Super sensitive to temperature, namely cold. GT86 gets notchy when cold but nothing compared to the S2000.
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Old 03-19-2014, 01:13 PM   #23
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The S2k trans likes heat... meant to be driven hard

Lets not forget it also handles a lot more torque...
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Old 03-19-2014, 01:59 PM   #24
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Originally Posted by CSG Mike View Post
The S2k trans likes heat... meant to be driven hard

Lets not forget it also handles a lot more torque...
The cayman tends to be the same way in my experience - it gets a bit finicky in the cold (especially second gear, at least on mine), but once you get some heat into it, it gets a lot nicer.
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Old 03-19-2014, 04:01 PM   #25
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Originally Posted by Dezoris View Post
Both, AP1 and AP2. Regardless of trans fluid.
Super sensitive to temperature, namely cold. GT86 gets notchy when cold but nothing compared to the S2000.
Weird, I never had that problem! YMMV I guess
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Old 03-19-2014, 04:52 PM   #26
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Originally Posted by WolfpackS2k View Post
I also love air cooled Porsches, specifically the 964 and 993. Right now in my life though the 964 is too slow for what I want, and the 993's just cost too much! Maybe some day.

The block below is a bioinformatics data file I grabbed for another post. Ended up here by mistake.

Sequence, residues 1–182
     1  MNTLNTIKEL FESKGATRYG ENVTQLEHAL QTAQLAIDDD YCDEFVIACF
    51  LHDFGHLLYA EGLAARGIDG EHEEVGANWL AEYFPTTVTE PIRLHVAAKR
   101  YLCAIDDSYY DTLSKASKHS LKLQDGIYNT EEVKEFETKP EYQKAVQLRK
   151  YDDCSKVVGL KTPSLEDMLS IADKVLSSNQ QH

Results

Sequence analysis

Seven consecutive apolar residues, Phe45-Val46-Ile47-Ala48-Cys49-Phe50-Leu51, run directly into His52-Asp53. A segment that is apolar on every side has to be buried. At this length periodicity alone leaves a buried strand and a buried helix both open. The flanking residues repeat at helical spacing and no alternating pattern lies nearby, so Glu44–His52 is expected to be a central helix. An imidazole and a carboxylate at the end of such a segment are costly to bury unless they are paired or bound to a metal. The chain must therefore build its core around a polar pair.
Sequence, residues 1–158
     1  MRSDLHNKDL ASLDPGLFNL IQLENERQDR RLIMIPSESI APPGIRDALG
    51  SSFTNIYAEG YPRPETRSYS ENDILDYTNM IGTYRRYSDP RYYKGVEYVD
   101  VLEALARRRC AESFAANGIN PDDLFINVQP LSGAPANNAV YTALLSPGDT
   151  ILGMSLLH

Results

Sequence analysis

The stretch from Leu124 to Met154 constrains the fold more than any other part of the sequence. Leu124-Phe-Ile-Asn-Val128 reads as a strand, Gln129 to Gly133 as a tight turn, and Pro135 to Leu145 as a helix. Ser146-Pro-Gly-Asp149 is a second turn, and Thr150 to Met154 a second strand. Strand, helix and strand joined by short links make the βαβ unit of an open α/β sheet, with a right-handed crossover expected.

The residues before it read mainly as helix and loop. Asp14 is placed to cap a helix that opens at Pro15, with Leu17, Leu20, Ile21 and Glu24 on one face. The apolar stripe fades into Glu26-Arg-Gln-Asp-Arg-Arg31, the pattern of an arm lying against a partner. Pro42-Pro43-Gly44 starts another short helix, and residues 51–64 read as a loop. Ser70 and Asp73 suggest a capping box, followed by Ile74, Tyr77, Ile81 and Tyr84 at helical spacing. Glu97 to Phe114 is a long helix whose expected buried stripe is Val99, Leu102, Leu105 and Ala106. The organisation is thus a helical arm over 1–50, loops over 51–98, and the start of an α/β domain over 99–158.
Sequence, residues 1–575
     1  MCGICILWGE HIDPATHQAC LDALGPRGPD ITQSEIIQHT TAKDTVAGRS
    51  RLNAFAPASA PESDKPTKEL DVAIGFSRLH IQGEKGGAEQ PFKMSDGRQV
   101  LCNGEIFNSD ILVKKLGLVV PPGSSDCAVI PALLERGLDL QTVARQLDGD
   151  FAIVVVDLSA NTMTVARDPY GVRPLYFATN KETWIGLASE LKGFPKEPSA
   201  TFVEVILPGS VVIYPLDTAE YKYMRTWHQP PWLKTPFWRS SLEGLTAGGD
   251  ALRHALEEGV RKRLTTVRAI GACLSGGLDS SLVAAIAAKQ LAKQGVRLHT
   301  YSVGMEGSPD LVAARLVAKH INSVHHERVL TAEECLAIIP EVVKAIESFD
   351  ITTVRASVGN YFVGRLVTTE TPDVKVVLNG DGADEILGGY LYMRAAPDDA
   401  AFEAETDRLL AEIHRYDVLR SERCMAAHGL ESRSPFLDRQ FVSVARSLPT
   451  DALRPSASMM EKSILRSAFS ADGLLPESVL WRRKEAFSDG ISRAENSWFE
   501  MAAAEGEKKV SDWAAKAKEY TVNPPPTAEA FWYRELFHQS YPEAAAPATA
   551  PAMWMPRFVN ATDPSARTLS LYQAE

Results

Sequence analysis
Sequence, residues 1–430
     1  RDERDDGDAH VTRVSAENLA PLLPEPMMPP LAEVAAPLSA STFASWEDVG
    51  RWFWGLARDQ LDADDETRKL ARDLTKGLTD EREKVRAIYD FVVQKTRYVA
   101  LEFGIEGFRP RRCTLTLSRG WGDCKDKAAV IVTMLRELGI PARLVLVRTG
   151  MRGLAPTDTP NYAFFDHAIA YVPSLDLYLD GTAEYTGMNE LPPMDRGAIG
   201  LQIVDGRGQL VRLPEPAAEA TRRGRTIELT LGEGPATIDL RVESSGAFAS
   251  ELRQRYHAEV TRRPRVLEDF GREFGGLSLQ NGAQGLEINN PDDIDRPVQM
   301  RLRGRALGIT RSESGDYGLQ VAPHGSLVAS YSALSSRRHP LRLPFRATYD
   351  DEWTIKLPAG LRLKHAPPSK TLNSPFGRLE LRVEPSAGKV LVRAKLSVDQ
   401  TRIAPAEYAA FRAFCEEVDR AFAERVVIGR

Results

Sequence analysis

One thing I didn't really mention much and want to is that (never owning anything with more than 4 cylinders before) the Porsche's M97 flat six engine is incredibly smooth, like silk. Really a night and day difference. Gotta love a naturally balanced engine. Oh, and while it's 3.4 liters and has a redline of 7200 make no mistake, this engine loves to rev. There's even an almost "VTEC" like changeover above 6000 when the Vario-Cam adjusts the timing. The exhaust note changes and you feel a little extra boost. It's also quite torquey for what it is, with it's peak torque (252) sustained over a 3000 rpm band.
993's are quicker than 86's, but they're not shockingly fast. My family has a 993 that I get to drive fairly often, and I feel like it's a pretty perfect road car: more power and torque than the 86 (enough to feel exciting), but also not powerful to the point where you can drive it lazily and still be fast-- you still have to work the car.

Yeah, Porsche's flat-sixes are the greatest things. They're pretty torque-y and they sound so good. Each motor sounds different, but they all sound great. I want a Porsche so badly, but I think I want something older. I really want something pre-1975 so I can do whatever I want to the car without having to smog it, but sadly I think I'll probably be priced out of that market forever now... every year prices increase massively. You can't even buy a rusted-out rolling chassis for an old car for under $10k now... it's ridiculous. Hopefully that bubble will burst at some point :\
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Old 03-19-2014, 05:08 PM   #27
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Thank you for doing this! It's always good to see a good review of three driver's cars
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Old 03-19-2014, 05:17 PM   #28
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Thank you for doing this! It's always good to see a good review of three driver's cars
Especially from someone who has extensive time with all three cars